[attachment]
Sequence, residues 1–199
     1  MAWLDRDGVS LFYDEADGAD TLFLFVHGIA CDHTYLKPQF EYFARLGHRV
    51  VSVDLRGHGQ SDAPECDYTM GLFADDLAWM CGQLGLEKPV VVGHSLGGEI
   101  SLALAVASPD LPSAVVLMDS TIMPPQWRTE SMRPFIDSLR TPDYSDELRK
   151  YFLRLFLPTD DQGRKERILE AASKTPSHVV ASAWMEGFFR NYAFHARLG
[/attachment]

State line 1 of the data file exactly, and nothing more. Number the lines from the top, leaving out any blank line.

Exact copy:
Sequence, residues 1–199